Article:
Oil Prices Show Modest Gains Amid Lockdown Risk

Oil Prices Show Modest Gains Amid Lockdown Risk
Oil edged higher but pared earlier gains.

(Bloomberg) -- Oil edged higher but pared earlier gains as the risk of renewed lockdowns crimping demand in the near-term restrained a vaccine-driven rally.

Futures in New York closed slightly higher Wednesday, retreating from an earlier two-month intraday high. In addition to Monday’s vaccine news, the market is finding some support with OPEC and its allies zeroing in on a delay to next year’s planned oil-output increase of three to six months. The organization earlier cut estimates for the amount of crude it will need to provide in the coming year.

Still, virus cases from Europe to the U.S. continue to rise. Tougher restrictions in New York and record U.S. hospitalizations provided more warning signs of growing demand risks as the world awaits a vaccine rollout. At the same time, Libya boosted oil output to more than 1.1 million barrels a day, inching closer to the level it was producing at before the country’s civil war all but shut down its energy industry in January.

The renewed restrictions “are a reminder that despite all the optimism that a vaccine will help to spur petroleum demand, near-term demand is still challenged,” said Andrew Lebow, senior partner at Commodity Research Group. “We still have lockdowns in western Europe and there has to be concerns about potential lockdowns here in the U.S., at least targeted ones.”

Oil futures pushed higher this week following progress on a potential coronavirus vaccine and further signs OPEC+ may delay its planned output increase in January. Expectations for a decline in U.S. crude and refined products supplies are also helping support prices. The industry-funded American Petroleum Institute reported draws of over 5 million barrels each for both crude and distillate inventories. The U.S. government will release its weekly inventory tally on Thursday.

The surge in headline prices has been accompanied by sharp moves in the forward curve. The discount on front-month Brent versus contracts three months out has shrunk to the smallest gap -- known as “contango” -- since July.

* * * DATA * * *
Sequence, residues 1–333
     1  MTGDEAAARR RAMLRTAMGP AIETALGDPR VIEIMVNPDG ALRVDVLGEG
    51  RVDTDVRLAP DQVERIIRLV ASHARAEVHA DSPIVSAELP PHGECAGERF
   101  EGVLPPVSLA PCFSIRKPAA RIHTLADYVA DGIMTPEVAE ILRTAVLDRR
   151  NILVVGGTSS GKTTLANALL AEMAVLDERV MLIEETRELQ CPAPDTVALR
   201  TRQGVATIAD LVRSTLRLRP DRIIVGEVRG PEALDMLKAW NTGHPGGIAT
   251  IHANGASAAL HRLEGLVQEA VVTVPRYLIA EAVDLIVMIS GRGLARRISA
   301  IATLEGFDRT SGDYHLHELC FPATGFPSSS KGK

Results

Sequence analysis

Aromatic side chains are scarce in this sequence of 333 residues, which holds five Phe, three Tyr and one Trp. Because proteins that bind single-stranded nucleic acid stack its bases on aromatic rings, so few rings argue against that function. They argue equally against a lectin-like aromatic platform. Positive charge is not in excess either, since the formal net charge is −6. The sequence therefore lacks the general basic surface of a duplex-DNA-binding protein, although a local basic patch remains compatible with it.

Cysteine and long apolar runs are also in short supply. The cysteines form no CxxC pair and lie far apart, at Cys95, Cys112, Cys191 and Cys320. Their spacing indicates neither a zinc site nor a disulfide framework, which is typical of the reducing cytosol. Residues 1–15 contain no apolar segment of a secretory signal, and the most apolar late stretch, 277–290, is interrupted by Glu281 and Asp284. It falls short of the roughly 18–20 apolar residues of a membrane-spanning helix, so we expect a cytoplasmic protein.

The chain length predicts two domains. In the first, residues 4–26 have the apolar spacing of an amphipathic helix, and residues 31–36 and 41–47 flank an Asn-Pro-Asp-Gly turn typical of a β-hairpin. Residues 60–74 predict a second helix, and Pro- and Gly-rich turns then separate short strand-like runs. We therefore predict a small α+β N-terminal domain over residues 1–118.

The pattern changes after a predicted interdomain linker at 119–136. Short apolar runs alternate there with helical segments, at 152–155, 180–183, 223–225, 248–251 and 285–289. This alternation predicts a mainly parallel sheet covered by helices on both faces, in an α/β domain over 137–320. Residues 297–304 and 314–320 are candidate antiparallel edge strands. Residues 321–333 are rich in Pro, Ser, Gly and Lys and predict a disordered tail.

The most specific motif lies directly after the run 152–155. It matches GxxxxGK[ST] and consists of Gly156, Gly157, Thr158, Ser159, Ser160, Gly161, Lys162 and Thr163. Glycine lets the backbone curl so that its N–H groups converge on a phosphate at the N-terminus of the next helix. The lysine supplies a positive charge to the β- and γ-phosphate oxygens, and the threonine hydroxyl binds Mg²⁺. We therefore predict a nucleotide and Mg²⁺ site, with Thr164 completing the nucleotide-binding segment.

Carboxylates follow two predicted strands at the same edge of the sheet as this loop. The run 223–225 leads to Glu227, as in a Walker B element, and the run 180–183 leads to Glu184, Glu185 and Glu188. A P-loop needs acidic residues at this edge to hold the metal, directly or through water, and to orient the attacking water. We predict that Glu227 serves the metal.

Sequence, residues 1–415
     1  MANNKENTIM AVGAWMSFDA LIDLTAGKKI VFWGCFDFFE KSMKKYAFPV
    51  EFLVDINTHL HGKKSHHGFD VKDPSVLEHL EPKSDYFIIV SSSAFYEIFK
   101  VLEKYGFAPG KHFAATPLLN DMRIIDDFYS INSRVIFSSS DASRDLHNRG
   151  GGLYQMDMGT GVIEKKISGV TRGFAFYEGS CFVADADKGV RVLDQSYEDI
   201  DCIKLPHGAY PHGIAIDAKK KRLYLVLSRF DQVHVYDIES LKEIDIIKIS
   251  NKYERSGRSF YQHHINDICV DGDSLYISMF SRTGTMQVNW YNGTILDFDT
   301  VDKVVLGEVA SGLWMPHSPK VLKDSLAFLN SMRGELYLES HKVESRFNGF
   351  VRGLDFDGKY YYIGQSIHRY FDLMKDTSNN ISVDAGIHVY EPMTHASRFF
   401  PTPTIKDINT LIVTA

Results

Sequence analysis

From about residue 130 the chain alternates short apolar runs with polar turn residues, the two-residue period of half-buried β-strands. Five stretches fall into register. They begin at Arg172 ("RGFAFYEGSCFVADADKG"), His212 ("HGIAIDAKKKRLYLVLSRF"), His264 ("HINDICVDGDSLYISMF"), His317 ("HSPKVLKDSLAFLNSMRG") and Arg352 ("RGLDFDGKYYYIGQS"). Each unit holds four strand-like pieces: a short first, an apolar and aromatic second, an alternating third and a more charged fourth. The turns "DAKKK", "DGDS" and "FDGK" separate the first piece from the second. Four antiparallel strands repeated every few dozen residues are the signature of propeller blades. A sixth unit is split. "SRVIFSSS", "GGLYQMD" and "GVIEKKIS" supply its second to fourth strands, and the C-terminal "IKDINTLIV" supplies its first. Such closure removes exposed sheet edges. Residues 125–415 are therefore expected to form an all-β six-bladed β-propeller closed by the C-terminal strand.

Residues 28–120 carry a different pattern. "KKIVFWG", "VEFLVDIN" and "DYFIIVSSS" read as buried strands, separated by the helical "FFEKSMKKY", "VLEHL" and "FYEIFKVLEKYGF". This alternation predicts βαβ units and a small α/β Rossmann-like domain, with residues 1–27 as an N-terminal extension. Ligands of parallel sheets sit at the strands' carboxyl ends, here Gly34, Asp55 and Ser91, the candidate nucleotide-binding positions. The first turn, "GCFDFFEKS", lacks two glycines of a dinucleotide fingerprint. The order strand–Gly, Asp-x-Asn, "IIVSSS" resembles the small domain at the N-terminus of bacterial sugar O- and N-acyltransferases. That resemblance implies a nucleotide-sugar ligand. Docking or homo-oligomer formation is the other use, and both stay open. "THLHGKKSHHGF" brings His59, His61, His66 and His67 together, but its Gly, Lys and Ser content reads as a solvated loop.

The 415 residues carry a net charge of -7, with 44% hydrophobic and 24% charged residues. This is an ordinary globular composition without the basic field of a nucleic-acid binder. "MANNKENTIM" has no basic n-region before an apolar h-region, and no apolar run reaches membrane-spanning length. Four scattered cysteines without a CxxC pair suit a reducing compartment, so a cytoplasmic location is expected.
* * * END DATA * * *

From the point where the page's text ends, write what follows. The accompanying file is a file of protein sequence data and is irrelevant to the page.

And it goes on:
“The massive moves we’ve seen in the spread market are really from what had happened earlier this week with the Pfizer announcement,” said Tariq Zahir, managing member of the global macro program at Tyche Capital Advisors LLC. “People are saying, ‘Look demand is going to return, you have a vaccine out there, so let’s buy the spreads.’”


  • West Texas Intermediate for December delivery rose 9 cents to settle at $41.45 a barrel, its highest since Oct. 20
  • Brent for January settlement climbed 19 cents to end the session at $43.80 a barrel, its highest since early September

Early findings on a vaccine showed it protected most people from Covid-19, but it’s likely to take some time to roll out if it proves effective. In the meantime, refining margins remain at decade-lows for this time of the year, leaving refiners that contribute to crude consumption in a precarious position even with a potential vaccine in sight. The combined refining margin for gasoline and diesel slipped over 7% to below $9 a barrel on Wednesday.

“We’re basically trading on perceptions of where data’s going to be six months from now,” said Bob Yawger, head of the futures division at Mizuho Securities. “It has no basis in reality at the moment.”

The next major event for the market is the OPEC+ meeting at the end of the month, with Vitol Group predicting a major draw on excess global inventories if the alliance delays a planned easing of cuts.

Other oil-market news:

  • Eta weakened to a tropical storm as it headed toward Florida’s west coast, but will likely regain strength before it makes landfall Thursday. The record-breaking hurricane season shut in an OPEC-nation amount of oil.
  • The prospect of a coronavirus vaccine has transformed how oil traders are evaluating the market’s prospects for the second half of 2021.
  • An increase in import quotas for China’s non-state firms and the continued startup of new refineries will see the country’s crude imports rise by 9% in 2021, Fitch Solutions said in a note.

--With assistance from Grant Smith.

© 2020 Bloomberg L.P.


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